In addition to the obvious appeal of gathering in warm months to watch films on outdoor screens, there’s another reason film buffs or others looking to relax may want to take part in this particular pastime: this week marks the 80th anniversary of the first American drive-in movie theater. And though there are only about 400 of these kinds of professional locations left in the United States these days, event organizers can think of a portable screen as a means of kindling the same feeling in an audience, or perhaps exposing younger viewers to it for the first time.
The Courier Post reports that the town of Pennsauken, New Jersey saw the Automobile Movie Theater open in 1933, and though a lot has changed since then, the experience of enjoying a film in an outdoor environment still carries enough interest to inspire some attendees to make the trek out to these locations.
One obstacle these drive-locations have had to face in recent years is the rise of digital cinema, and with it the expenses of purchasing new equipment, but outdoor screen organizers have less to fear in this regard. In some senses, a temporary screening event can allow for the same kind of atmosphere without organizers having to worry about long-term costs.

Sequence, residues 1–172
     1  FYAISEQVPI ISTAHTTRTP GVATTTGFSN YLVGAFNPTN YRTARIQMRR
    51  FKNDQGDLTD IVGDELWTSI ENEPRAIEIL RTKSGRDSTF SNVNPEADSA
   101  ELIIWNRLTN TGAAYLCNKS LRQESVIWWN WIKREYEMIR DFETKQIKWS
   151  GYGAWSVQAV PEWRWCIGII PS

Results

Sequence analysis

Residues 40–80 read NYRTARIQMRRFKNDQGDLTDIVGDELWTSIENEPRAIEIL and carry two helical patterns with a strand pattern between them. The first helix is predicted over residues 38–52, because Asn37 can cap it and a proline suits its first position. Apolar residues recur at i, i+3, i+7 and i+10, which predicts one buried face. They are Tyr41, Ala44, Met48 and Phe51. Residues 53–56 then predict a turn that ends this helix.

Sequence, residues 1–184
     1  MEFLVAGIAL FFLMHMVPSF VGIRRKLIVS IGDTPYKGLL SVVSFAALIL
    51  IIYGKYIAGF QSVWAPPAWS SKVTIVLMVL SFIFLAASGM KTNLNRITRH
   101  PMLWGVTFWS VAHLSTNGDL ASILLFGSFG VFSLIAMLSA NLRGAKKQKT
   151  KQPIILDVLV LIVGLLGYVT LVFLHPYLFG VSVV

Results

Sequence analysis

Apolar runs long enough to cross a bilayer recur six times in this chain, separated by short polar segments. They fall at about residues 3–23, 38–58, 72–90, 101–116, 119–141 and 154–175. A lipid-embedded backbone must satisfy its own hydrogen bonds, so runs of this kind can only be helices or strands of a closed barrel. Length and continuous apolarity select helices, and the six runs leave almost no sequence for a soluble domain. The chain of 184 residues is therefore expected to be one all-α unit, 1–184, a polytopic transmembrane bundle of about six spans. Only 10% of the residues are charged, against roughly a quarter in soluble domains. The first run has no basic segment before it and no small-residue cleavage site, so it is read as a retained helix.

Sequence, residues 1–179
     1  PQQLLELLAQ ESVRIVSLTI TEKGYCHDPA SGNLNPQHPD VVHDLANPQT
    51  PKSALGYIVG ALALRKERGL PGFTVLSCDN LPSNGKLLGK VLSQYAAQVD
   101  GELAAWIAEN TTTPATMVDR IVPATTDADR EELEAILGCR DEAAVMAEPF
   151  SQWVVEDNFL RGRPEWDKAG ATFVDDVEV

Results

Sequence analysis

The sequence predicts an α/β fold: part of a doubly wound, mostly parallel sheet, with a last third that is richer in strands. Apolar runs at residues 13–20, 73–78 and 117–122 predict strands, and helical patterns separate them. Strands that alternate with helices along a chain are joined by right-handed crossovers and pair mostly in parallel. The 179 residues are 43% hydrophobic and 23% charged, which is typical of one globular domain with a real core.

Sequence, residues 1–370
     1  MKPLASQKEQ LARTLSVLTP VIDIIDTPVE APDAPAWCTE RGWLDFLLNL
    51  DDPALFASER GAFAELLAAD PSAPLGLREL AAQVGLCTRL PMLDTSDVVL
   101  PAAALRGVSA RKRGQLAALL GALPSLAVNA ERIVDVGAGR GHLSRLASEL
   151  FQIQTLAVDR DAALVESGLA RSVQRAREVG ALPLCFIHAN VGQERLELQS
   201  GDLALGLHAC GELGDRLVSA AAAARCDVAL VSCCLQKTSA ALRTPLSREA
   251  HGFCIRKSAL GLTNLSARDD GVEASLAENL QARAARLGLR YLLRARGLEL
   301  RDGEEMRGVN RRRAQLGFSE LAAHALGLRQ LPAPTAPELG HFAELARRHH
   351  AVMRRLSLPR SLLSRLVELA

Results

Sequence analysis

Those wishing to pay tribute to an old tradition of cinema viewing can take the first step with a large outdoor movie screen. And this milestone offers the even better opportunity to impart history to filmgoers new to the pleasures of this kind of experience and give them a state-of-the-art viewing, all at once.